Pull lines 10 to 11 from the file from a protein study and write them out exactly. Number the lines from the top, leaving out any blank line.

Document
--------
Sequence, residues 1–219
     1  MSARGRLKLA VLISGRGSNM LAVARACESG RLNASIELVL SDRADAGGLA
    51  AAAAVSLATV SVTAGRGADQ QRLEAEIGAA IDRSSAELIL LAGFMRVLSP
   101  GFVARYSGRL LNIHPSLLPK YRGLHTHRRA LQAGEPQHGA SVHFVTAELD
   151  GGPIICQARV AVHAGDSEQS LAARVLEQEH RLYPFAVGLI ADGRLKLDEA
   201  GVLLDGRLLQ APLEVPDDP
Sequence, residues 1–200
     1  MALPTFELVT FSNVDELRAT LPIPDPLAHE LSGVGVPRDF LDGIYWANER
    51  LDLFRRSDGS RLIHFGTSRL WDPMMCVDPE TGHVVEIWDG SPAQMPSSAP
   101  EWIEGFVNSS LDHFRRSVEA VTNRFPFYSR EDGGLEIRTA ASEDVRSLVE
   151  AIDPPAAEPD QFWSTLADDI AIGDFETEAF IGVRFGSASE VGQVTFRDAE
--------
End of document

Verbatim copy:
   101  EWIEGFVNSS LDHFRRSVEA VTNRFPFYSR EDGGLEIRTA ASEDVRSLVE
   151  AIDPPAAEPD QFWSTLADDI AIGDFETEAF IGVRFGSASE VGQVTFRDAE